Horseradish Cooking Tips and Measures
• Horseradish is best used freshly grated and raw.
• Scrub with a stiff brush and peel off the dark skin before using horseradish.
• In larger roots, the core may be fibrous and bitter. Remove and discard the core, along with any green spots.
• Horseradish is like the allium family -- the finer it is chopped or grated, the more pungent the flavor.
• When grating horseradish, it is easiest to use a food processor. Cut the peeled root into cubes, and pulse to the desired consistency. The fumes will be quite strong and can actually burn your nose and eyes. Be sure to open a window, remove the lid at arm's length, and turn your head away.
• For homemade prepared horseradish, just add white vinegar and salt to taste while processing. Store in a lidded glass jar in the refrigerator up to 6 weeks.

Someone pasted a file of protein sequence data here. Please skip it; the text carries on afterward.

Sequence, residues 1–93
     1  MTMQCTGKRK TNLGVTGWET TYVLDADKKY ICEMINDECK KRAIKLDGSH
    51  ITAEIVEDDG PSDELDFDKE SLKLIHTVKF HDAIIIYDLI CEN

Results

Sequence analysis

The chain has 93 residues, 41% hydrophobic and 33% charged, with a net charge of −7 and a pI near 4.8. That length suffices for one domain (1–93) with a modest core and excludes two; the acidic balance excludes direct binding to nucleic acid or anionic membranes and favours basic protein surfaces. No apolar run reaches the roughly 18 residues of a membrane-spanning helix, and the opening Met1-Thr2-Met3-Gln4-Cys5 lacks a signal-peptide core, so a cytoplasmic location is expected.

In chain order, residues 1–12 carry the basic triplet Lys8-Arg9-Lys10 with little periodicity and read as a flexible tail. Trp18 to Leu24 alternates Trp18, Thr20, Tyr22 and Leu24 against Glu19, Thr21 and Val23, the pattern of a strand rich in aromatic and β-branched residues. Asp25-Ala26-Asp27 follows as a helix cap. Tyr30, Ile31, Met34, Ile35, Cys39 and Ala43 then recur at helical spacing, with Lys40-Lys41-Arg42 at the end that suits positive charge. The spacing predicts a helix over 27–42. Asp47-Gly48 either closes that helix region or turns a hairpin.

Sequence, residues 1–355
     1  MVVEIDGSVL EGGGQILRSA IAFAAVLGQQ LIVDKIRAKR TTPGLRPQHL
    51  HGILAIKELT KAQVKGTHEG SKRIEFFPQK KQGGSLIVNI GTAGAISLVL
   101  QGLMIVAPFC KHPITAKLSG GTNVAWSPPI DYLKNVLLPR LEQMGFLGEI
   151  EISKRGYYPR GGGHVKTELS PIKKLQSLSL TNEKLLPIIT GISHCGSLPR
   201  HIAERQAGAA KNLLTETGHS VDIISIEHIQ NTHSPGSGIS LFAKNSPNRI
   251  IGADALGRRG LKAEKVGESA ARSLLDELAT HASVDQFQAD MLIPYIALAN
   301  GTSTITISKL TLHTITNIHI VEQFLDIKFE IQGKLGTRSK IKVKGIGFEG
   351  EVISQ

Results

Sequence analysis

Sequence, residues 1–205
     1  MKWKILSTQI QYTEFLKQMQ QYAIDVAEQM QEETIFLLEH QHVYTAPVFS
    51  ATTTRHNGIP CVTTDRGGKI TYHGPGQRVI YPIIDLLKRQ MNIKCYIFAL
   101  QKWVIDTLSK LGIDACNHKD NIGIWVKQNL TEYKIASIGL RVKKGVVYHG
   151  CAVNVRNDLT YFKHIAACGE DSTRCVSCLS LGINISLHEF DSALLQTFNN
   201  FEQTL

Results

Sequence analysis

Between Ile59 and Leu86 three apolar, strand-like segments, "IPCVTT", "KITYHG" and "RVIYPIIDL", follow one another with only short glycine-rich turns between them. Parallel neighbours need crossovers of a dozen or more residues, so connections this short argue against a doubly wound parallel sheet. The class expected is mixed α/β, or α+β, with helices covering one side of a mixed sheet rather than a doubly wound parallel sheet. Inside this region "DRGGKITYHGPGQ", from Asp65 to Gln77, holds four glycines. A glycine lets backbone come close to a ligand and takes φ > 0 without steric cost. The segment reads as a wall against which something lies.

• Fold 1 tablespoon fresh grated horseradish into a stiffly whipped heavy cream and salt to taste for a classic horseradish sauce to accompany beef dishes. Dill weed is also a tasty addition.
• Add 1 tablespoon fresh grated horseradish to 1 cup applesauce for a piquant condiment to pork dishes.
• When serving horseradish, do not use silver. Horseradish will tarnish silver.
• If you grow your horseradish, the young, tender green leaves are edible in salads and may also be cooked.
• If you want to retain the spicy zing of horseradish in cooked dishes, add it at the end of the cooking process, after the dish has been removed from the heat.
Horseradish Measures, Weights, and Substitutions
• 1 tablespoon grated fresh horseradish = 2 tablespoons bottled prepared horseradish
• 2 tablespoons prepared horseradish = 1 tablespoon dried + 1 tablespoon vinegar + 1 tablespoon water + salt to taste
• 10 tablespoons prepared horseradish = 6 tablespoons dried powdered
• 1 1/2 pounds fresh root = 2 3/4 cups peeled and grated
• 1 8-ounce bottle prepared horseradish = 1 cup